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Lynched

When the other shoe dropped in Chicago, it wasn’t a Sammy Sosa deal.
General Manager Ed Lynch was awarded the famed Pink Slip and one month’s
salary and benefits as this year’s Snuggly Cubbie Scapegoat. Team President
Andy MacPhail will assume the duties of the general manager until a new
warm body is found, and he’s made it known that his first order of business
is making Sosa happy.

The lesson here: if the team you’re running has a fluke season, keep your
resume current. Heightened expectations can torch the career of any
executive, and the Cubs set their leadership up for a thinning following
their 90-73 wild-card campaign of 1998. Manager Jim Riggleman, third-place
finisher in 1998 NL Manager of the Year voting, was first to go, as he and
his staff were sacked after 1999’s 67-95 return to reality.

In the end, this is a Cubs team decaying from within. Manager Don Baylor’s
overt insinuations about how much Sosa and fellow outfielder Henry
Rodriguez
are giving for the team haven’t produced any tangible result
except to irritate one of the team’s better players and its only true
superstar. And if anything interests Baylor more than impugning his
outfield, it is championing minor-league outfielder/Baseball
Prospectus
Top 40 Prospect Corey Patterson‘s case for the
majors. This while Patterson is batting .257/.333/.477 with mediocre plate
discipline for the team’s Double-A affiliate.

The Lynch/MacPhail reign has not been a happy one for Cubs fans, and the
preparations for this year merely underscored the reason: a reliance on
overpaid, underperforming veterans. During the offseason, the Cubs traded
for pitcher Ismael Valdes and second baseman Eric Young.
We’ve thought Valdes has been underrated for some time now, and Young had a
fairly good season in Los Angeles in 1999. But at the same time, the Cubs
plugged holes in center field and at catcher with Damon Buford and
Joe Girardi. Adding Buford and "All-Star" Girardi did a
number on the team’s already poor offense. The rest, as they say, is history.

MacPhail and Lynch made some good moves–Pirates fans are still smarting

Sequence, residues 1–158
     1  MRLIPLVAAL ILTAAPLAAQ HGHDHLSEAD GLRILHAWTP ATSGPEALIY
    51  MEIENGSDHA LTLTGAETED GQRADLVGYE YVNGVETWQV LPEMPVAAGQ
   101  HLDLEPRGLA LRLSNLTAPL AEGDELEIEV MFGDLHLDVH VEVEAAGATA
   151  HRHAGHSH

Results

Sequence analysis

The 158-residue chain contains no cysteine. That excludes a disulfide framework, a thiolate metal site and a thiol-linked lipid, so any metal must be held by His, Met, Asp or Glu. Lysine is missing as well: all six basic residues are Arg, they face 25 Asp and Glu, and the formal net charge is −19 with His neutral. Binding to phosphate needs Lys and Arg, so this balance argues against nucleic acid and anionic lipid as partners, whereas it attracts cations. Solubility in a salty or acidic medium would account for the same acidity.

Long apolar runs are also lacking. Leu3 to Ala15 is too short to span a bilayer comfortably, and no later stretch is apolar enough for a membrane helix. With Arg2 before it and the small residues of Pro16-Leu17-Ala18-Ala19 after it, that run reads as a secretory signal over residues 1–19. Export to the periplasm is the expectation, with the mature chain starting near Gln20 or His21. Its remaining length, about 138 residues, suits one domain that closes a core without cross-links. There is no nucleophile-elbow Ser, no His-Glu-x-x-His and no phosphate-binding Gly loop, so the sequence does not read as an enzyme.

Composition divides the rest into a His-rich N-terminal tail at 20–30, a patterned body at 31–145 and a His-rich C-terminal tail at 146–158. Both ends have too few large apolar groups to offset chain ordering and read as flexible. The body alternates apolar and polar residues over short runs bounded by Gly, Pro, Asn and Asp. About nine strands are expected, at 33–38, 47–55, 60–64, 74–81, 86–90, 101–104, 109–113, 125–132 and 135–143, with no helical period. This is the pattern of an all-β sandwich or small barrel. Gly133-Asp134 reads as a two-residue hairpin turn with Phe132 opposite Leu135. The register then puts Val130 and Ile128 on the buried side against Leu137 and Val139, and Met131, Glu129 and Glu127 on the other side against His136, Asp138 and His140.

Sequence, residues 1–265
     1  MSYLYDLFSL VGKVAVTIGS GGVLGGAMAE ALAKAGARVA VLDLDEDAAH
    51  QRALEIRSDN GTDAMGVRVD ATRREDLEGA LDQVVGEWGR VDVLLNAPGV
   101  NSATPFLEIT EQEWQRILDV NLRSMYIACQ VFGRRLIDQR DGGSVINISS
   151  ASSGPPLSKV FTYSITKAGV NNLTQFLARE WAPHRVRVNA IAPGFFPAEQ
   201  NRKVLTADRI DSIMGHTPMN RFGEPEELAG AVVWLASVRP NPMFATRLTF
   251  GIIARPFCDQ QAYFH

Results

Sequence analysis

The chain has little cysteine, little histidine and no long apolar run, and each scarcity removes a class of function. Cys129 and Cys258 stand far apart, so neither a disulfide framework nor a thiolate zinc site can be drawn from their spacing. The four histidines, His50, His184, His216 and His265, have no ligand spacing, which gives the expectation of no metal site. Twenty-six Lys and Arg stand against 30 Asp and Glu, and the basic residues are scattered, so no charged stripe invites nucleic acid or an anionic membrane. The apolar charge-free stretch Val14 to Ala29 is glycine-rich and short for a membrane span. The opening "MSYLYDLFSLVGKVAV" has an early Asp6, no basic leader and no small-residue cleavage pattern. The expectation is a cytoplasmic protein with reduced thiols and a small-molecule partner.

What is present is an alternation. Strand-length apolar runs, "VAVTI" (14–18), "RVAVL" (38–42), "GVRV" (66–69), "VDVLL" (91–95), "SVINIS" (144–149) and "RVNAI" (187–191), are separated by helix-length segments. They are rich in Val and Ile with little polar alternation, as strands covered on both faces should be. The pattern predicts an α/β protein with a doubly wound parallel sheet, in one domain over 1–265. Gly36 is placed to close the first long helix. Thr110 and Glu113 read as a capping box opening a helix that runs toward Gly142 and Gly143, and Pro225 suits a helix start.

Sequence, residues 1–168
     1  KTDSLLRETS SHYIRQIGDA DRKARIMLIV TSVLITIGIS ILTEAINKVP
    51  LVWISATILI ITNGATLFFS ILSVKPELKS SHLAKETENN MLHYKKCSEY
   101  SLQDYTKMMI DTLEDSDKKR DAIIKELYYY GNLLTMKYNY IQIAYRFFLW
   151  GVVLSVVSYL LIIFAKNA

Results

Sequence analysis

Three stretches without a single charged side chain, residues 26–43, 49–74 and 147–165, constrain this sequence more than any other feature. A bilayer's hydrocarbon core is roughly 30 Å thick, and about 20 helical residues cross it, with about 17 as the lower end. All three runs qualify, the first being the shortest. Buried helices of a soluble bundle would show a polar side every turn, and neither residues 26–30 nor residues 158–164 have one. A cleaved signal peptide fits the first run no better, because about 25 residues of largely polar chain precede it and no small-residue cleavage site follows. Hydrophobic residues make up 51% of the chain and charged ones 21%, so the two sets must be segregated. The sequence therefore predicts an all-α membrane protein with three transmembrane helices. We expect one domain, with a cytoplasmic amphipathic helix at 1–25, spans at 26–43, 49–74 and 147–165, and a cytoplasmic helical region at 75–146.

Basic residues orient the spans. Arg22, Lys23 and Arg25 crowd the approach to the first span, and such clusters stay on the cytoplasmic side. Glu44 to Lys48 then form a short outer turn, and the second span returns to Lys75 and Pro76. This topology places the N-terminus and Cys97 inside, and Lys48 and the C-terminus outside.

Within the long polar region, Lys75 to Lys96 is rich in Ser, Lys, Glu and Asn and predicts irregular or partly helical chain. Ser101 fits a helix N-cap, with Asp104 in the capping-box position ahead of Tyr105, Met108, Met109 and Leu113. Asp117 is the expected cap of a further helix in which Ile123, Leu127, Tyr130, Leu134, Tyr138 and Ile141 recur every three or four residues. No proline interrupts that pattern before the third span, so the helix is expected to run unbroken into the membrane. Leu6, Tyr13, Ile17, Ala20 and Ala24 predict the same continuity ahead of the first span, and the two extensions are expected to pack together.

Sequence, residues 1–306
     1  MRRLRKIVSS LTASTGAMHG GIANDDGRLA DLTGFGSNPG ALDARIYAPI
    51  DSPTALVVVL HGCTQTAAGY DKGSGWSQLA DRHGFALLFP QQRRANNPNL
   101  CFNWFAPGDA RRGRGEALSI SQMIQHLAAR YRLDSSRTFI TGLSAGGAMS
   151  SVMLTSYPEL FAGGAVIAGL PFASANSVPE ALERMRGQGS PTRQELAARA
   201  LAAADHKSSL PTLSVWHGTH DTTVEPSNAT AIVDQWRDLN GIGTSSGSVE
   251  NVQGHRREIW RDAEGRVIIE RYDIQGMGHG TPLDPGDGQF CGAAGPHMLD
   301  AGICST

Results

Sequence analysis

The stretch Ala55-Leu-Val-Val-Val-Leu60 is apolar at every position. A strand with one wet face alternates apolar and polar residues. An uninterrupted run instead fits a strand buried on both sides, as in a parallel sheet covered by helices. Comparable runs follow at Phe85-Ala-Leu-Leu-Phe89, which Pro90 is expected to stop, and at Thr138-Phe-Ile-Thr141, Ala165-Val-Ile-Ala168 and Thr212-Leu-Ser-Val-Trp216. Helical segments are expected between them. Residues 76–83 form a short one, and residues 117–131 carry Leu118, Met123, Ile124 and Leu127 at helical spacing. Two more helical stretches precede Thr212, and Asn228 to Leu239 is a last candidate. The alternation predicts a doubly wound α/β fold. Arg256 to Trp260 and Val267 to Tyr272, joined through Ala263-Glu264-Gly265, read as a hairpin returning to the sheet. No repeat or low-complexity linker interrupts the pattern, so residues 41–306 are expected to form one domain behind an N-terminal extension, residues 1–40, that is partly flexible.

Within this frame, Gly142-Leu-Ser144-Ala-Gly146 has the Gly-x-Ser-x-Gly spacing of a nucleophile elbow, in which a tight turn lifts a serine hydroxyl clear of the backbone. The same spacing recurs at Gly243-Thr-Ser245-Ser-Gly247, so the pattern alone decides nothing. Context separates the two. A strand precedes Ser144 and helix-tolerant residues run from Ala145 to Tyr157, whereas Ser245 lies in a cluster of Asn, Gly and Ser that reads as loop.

from the Brant Brown-for-Jon Lieber deal–and, in the end,
they’ve gotten their share of bad luck, with Valdes’s terrible 2000 a
shining example. But many things have broken right for the
Cubs–Sosa making his four-year, $42.5-million contract a bargain being
chief among them–and the team has nothing to show for it but a quick
playoff exit in 1998. MacPhail is running out of scapegoats, and even with
the sleepy corporate ownership and nearly inelastic ticketed fan base,
change is coming for the Cubs.

Notes

  • In a bizarre couple of days, Reds shortstop and lifer Barry
    Larkin
    goes from traded to the Mets to signed in Cincinnati through
    2003. The team ended up meeting his demand for a three-year, $27-million
    extension despite GM Jim Bowden’s concrete assurances to the media that
    such a thing would not be happening.

    Larkin gave the Reds a nice hometown discount following his 1995 MVP
    season, and it seems right that the Reds compensate him for that now. In
    fact, Larkin is still playing at an All-Star level, and will probably earn
    his money over the course of the deal. But the most interesting part of the
    whole process, to me, was Ken Griffey Jr.‘s public willingness to
    help pay for part of Larkin’s deal.

    In this day and age, it’s become old hat to hear the top dog on a team
    bitch and complain about how management doesn’t give him enough help, and
    Griffey is no stranger to that. But it isn’t often that you hear a player
    offer to help sign the guys he wants with his own money, and now Griffey
    has done it twice–with Jay Buhner in Seattle and with Larkin in
    Cincinnati.

    Throw in the fact that Griffey took way below market value to come to
    Cincinnati in the first place, and his priorities look pretty refreshing
    compared to your standard-issue major leaguer.

  • While it may be tempting to point to Mark McGwire‘s absence as
    the reason for the Cardinals’ 5-9 stretch, the fact is the team’s offense
    hasn’t suffered much in his absence. The Cards have scored more than six
    runs per game since McGwire’s last appearance, above their season average.
    Ray Lankford was rounding into form before leaving the team to mourn
    his brother and the return of Fernando Tatis has been a big boost.

    The pitching has been the problem–the Cardinals have given up 86 runs
    during McGwire’s DL stay, 6.1 per game and exactly as many as they’ve
    scored. The Cards haven’t been home since the All-Star break, either; their
    home game Tuesday against the Diamondbacks will be their first in 16 days.

    While their lead over the Reds has dwindled to five games, there’s no real
    reason to believe a collapse is imminent. Lankford is back and McGwire’s
    return sometime this week will have the Cardinals at full strength for the
    first time since April.

Dave Pease can be reached at dpease@baseballprospectus.com.